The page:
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Meteorology and mere Christianity

Mick Pope believes talking about climate change may actually make people more interested in the gospel.

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As a forecast meteorologist with twenty years of experience in the Australian Bureau of Meteorology, and a university professor with a PhD in tropical meteorology, Mick Pope is one of the most respected Australian Christian voices on the subject of climate change. He regularly speaks at conferences and churches and has authored two well-received books on the subject and innumerable blogs.

“I didn’t want to do ‘Christianity and’. I wanted to avoid bolting on environmentalism.  So I went back and looked at the entire sweep of scripture again and concluded that I don’t need to, it’s all there.”

Yet ever since Mick first began thinking through his ministry, he’s been fiercely determined to ensure the message he preaches is a clear gospel one.

“I didn’t want to do ‘Christianity and’. I wanted to avoid bolting on environmentalism.  So I went back and looked at the entire sweep of scripture again and concluded that I don’t need to, it’s all there.”

The ‘Christianity and’ that Mick was avoiding references Letter 25 in C.S. Lewis’ popular literary work The Screwtape Letters, in which an elder demon called Screwtape disciples his young nephew Wormwood in how to tempt a new Christian convert (the Patient) away from his faith.

“I heard a lot of feedback afterwards that there were people on the edge of the community … saying that’s the kind of God that they could be interested in.”

“What we want, if men become Christians at all, is to keep them in the state of mind I call “Christianity And”. You know – Christianity and the Crisis… Christianity and Vegetarianism… If they must be Christians let them at least be Christians with a difference. Substitute for the faith itself some Fashion with a Christian colouring. Work on their horror of the Same Old Thing.”

Upon closer examination, though, Screwtape’s Letter 25 is an affirming reference for an evangelical meteorologist like Mick. In it, Screwtape acknowledges the natural rhythms of the seasons as God’s design and the way that He satisfies the contradictory human desires to experience both permanence and change. The way to disrupt this balance, Screwtape tells his young demonic protégée, is to encourage humans to develop an increasing demand for change that ‘eats up all the innocent sources of pleasure’.

Mick makes a similar point in his new book A Climate of Justice: Loving your neighbour in a warming world, examining the devastation humanity currently faces as a result of consuming the earth’s resources beyond what its natural rhythms can sustain.  He devotes a chapter to each of the contemporary issues of refugees and asylum seekers, Aboriginal and Torres Strait Islander peoples, global aid, and human trafficking – all  ‘through the lens of the parable of the Good Samaritan, as well as within the context of climate change’.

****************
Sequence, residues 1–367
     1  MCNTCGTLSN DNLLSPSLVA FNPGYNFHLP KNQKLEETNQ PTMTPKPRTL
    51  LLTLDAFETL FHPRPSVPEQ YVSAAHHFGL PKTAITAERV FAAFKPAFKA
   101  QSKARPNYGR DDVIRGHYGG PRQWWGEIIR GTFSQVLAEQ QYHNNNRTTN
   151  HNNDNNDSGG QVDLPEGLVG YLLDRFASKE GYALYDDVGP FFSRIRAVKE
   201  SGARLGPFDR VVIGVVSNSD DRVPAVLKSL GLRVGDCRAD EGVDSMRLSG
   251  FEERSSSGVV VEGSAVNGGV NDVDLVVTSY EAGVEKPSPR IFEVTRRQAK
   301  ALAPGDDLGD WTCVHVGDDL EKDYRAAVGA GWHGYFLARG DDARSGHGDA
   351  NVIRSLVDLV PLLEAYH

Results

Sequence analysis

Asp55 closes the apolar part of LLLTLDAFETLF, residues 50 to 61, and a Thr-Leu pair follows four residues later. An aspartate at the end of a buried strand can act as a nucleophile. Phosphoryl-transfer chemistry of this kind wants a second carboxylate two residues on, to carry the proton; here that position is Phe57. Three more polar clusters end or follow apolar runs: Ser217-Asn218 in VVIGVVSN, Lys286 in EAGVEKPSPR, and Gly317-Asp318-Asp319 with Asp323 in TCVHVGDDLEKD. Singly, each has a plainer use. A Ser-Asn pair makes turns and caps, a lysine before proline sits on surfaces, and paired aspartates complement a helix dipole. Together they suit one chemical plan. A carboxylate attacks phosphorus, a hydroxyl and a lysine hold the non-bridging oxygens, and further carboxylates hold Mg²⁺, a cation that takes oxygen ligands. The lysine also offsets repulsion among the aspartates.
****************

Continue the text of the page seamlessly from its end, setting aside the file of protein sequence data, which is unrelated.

“Sections of the Church are moving on and realising that this is really scratching where the world is itching.”

Mick believes that non-Christians are hungry to hear a holistic gospel that connects personal righteousness with public justice. It stems from the first talk gave a talk on the subject at the Cornerstone Community in Bendigo, many years ago.

“I heard a lot of feedback afterwards that there were people on the edge of the community – who wouldn’t necessarily call themselves Christian but were generally interested in the faith – saying that’s the kind of God that they could be interested in.”

Mick is dismissive of criticisms that characterise Christian climate justice work as a “distraction” from more important gospel work of “saving souls”, saying that it stems from a “truncated theology” that is “not what the Bible is on about”.

“When we talk about abstract ideas in our gospel – models of atonement and individual salvation, and so on – many people are past that. We might still be appealing to post-enlightened individualism and consumer Christianity or consumer spirituality, but what a lot of people are interested in is genuine community and social transformation. [They] are interested in the future of the planet – the environment and climate change.

“So we’re preaching a gospel about me and my sins – as if that doesn’t extend to global social and political issues – and people are just not interested. Sections of the Church are moving on and realising that this is really scratching where the world is itching.”

Last year, Mick’s commitment to “scratching where the world is itching” saw him take on a role with an online US start-up, called Missional University as a Professor of Environmental Theology, developing courses in weather and climate.

Along with new methods of delivering content, Mick embraces new partnerships. He insists that broad coalitions are needed in order to deal with the serious global issues that face our world today and is critical of Christians who seem determined to focus on doctrinal differences at times when the issues at hand are of such global significance.

“If you’ve got metaphysical differences, well so be it. Do you believe passionately in the issue? Well get alongside other people. With issues like climate change, we just can’t afford to waste time. You don’t have to vote for them to work with them.”

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